# Proving that $\lim_{x\to1^-}\left(\sqrt[a]{1-x}\cdot\sum_{n=0}^\infty~x^{n^a}\right)=\Gamma\left(1+\frac1a\right)$

How could we prove that $$\lim_{x\to1^-}~\bigg(\sqrt[a]{1-x}\cdot\sum_{n=0}^\infty~x^{n^a}\bigg)~=~\Gamma\bigg(1+\frac1a\bigg)$$ for $a>0$ ?

The inspiration came to me while trying find a solution to this related question, which treats the

special case $a=2$. I am pretty confident that the best way to approach this is by some clever

manipulation of the well-known identities $~\displaystyle\int_0^\infty e^{-t^a}~dt~=~\Gamma\bigg(1+\frac1a\bigg)~$ and $~e^u~=~\displaystyle\sum_{n=0}^\infty\frac{u^n}{n!}~,$

but unfortunately I haven't been able thus far to capitalize on my own idea. I also tried writing

x as $1-\epsilon$, and then expanding $(1-\epsilon)^{n^a}$ into its binomial series, but this endeavor has also been

proven worthless, or, at the very least, it appears to be so in my hands. Which is where you, dear

reader, come in! Can you help me out of my impasse ? Any ideas or suggestions are welcome!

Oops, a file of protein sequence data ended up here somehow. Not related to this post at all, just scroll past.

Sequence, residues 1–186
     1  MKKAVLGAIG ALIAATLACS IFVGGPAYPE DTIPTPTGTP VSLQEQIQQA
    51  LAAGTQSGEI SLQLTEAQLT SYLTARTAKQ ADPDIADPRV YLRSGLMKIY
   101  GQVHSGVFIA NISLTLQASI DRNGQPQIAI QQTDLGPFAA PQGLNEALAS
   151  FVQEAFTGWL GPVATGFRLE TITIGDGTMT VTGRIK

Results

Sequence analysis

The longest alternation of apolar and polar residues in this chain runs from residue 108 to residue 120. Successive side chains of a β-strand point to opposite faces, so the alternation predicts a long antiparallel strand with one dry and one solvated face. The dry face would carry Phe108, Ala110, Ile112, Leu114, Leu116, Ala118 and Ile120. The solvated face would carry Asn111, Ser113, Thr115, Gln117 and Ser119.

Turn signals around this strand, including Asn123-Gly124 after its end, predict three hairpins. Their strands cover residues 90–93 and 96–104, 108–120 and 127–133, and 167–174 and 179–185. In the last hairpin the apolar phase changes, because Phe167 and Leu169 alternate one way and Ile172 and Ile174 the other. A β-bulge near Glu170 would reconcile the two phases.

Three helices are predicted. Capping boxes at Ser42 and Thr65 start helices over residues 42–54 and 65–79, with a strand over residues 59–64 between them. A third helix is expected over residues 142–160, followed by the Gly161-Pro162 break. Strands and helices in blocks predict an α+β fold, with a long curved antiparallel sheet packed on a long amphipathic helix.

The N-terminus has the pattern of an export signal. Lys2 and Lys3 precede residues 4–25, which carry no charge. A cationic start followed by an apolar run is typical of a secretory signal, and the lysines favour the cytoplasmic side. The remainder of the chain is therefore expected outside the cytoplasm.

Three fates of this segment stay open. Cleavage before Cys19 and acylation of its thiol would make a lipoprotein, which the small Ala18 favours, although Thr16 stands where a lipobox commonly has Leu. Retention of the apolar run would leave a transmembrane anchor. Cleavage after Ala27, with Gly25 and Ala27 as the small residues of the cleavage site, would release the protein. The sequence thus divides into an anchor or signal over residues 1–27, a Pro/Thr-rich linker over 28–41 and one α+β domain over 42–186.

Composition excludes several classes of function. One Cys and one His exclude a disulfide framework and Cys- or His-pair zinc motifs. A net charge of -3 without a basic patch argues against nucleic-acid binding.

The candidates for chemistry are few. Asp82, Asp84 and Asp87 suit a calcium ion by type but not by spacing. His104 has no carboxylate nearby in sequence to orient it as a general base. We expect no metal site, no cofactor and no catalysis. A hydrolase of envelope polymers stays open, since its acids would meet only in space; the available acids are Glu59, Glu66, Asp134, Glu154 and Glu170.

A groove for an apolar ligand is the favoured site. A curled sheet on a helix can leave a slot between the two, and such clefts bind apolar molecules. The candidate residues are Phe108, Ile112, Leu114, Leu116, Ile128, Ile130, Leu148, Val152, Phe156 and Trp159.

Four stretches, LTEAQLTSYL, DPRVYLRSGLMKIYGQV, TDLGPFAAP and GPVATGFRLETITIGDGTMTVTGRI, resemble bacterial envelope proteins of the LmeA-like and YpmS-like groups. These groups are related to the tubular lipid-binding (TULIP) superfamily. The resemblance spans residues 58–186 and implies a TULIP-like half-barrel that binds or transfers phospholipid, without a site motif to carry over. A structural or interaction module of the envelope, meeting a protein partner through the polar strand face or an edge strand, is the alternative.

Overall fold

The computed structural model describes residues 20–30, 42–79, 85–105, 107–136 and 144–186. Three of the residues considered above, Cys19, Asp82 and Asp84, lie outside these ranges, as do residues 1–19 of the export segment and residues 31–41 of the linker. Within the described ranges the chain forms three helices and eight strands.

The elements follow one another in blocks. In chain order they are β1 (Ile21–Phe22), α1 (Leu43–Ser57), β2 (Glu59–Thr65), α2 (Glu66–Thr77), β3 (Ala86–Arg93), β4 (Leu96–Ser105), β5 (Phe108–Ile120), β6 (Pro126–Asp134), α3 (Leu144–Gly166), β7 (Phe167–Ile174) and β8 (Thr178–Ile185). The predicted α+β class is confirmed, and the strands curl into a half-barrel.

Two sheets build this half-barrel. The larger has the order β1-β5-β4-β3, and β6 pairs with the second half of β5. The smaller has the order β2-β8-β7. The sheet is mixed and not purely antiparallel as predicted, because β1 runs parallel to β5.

## 1 Answer

Use this well known : Let $f(x)$ monotonic function on $x\ge 0$,and this integeral $\int_{0}^{+\infty}f(x)dx$ exsit.then we have $$\lim_{h\to 0^{+}}h[f(h)+f(2h)+\cdots]=\int_{0}^{\infty}f(x)dx$$

then let $x=e^{-h^a}$,then \begin{align*}\lim_{x\to 1^{-}}\sqrt[a]{1-x}(1+x^{1^a}+x^{2^a}+\cdots+x^{n^a}+\cdots)&= \lim_{h\to 0^{+}}\dfrac{\sqrt[a]{1-e^{-h^a}}}{h}\cdot h(1+e^{-h^a}+e^{-(2h)^a}+\cdots)\\ &=\int_{0}^{+\infty}e^{-t^a}dt \end{align*}

• Nice use of Riemann sum. +1 – Start wearing purple Mar 19 '15 at 10:06
• Brilliant ! Simply brilliant ! – Lucian Mar 19 '15 at 10:46
• You are very welcome. – math110 Mar 19 '15 at 10:47
• @math110 how on earth does someone see this solution? – Euler_Salter Jan 23 '17 at 21:41
• @Euler_Salter Riemann sums... – Simply Beautiful Art Jun 20 '17 at 19:54